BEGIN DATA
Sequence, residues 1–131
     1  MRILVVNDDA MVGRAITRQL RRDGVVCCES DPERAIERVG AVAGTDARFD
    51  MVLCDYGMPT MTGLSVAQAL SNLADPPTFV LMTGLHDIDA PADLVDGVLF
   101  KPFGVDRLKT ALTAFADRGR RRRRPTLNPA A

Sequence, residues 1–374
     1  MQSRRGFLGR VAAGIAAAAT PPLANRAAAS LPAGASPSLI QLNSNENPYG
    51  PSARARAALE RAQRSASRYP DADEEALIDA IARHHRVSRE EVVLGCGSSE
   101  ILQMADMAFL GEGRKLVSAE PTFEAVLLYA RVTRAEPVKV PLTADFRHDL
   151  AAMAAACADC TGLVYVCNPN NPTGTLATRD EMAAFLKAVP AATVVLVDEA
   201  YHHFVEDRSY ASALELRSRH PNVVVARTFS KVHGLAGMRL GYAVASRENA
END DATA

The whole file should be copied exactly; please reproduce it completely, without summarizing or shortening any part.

Sequence, residues 1–131
     1  MRILVVNDDA MVGRAITRQL RRDGVVCCES DPERAIERVG AVAGTDARFD
    51  MVLCDYGMPT MTGLSVAQAL SNLADPPTFV LMTGLHDIDA PADLVDGVLF
   101  KPFGVDRLKT ALTAFADRGR RRRRPTLNPA A

Sequence, residues 1–374
     1  MQSRRGFLGR VAAGIAAAAT PPLANRAAAS LPAGASPSLI QLNSNENPYG
    51  PSARARAALE RAQRSASRYP DADEEALIDA IARHHRVSRE EVVLGCGSSE
   101  ILQMADMAFL GEGRKLVSAE PTFEAVLLYA RVTRAEPVKV PLTADFRHDL
   151  AAMAAACADC TGLVYVCNPN NPTGTLATRD EMAAFLKAVP AATVVLVDEA
   201  YHHFVEDRSY ASALELRSRH PNVVVARTFS KVHGLAGMRL GYAVASRENA